Chinese company emails US company about buying a few million dollars of the US company’s product. The terms of the deal are quickly worked out and the Chinese company suggests the American company go to China to sign the contract and celebrate the consummation of the deal. The American gets to China (usually some fairly out of the way city in China) and is treated to what appears to the American to be a really expensive meal at which the contract is signed. At which point, the American company is told that Chinese custom requires that it buy the Chinese CEO an expensive gift and pay the notarization fee. The American is then either taken to purchase a nice piece of jade and requested to pay a couple of thousand dollars for the notarization fee. Sometimes the American just gives the Chinese company people cash to go off and buy the gift on the American company’s behalf.
It isn’t until weeks later that the American learns that there is no deal and, in fact, there is no Chinese company either. The big lure of this scam is that nobody wants to fly all the way to China, have a great meal at someone else’s expense, and then be too cheap to spend less than $10,000 more to seal the deal.
This China business scam was really popular four or five years ago, but it seemed to have really declined since then, presumably because word had spread among American manufacturers.
It appears China has found a new set of victims.
CMM-Intelligence (a must-read for anyone in a media related business) just did a story entitled, “WARNING: Alleged Fraud Scheme by Chinese Company Targets International Media Companies,” on how this scam (with a slightly new twist) is being played on foreign media companies:
CMM-I last week became aware of an alleged fraud scheme that currently appears to be prominent in Mainland China. A Chinese company that claims to be a Zhengzhou-based investment firm contacts Western media companies involved in video production via email to signal interest in co-producing a TV documentary series about the foreign party’s home country. Once the deal terms are negotiated the foreign company is invited to come to Zhengzhou, Henan Province, to sign the contract. At the signing ceremony the Chinese reveal to the foreign representatives that the latter are expected to pay a certain “notarization” fee. Moreover, the foreigners are “encouraged” to purchase presents worth several thousand Euros in order to “save face” vis-a-vis the Chinese company’s CEO.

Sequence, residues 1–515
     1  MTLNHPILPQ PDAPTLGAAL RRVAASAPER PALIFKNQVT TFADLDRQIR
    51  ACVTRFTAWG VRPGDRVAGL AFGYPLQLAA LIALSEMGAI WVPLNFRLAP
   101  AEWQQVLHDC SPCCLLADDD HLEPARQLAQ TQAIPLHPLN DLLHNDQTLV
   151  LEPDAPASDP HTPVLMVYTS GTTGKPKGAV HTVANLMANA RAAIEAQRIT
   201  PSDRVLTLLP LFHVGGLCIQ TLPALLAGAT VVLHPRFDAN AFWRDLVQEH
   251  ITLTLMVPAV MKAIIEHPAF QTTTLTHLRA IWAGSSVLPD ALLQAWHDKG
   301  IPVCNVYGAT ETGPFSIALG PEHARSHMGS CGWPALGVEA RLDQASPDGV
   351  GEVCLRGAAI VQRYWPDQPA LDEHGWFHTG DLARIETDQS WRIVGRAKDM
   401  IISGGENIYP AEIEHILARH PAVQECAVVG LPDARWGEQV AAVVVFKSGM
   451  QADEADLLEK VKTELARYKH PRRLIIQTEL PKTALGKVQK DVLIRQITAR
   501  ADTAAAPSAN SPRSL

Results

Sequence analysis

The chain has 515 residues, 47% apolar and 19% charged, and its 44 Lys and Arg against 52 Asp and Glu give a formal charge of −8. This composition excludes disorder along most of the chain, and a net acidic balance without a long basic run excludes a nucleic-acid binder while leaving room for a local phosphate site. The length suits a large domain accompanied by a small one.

CMM-I is aware of two German companies that have fallen victim to this alleged scam thus far. In addition, several Austrian companies seem to have been targeted. We post this message here to warn our subscribers and business partners — as well as their associates and partners — of this alleged fraud, and we will continue to contribute to putting a stop to such shady games to the best of our ability.
I find it very interesting that the companies that have fallen prey to the scam are German and Austrian and to a certain extent, that does not surprise me. American companies, far more than German companies (fairly or not, I am just going to assume Austrian companies are more like German companies than like US companies) tend to work closely with their lawyers. It would be the rare American company that enters into a big international deal without working with their international legal counsel. That being the case, I would think that the American company would have been warned by their lawyer before going to China of the possibility of such a scam (we have done that a few times with our clients) or have called their lawyer to ask about the legitimacy of the Chinese company’s payment request. Just a thought….
What are you seeing/hearing out there?
Update: A reader sent me a link to an article, Beware: B2B Scam from China, listing out more people/companies (mostly European) hit by this scam. This article names a company allegedly propagating the scam. I would stress that most of the time when we have researched/investigated China scams such as this one, the named company is not actually involved at all. The scammer has simply traded off the name of a legitimate company as part of the scam.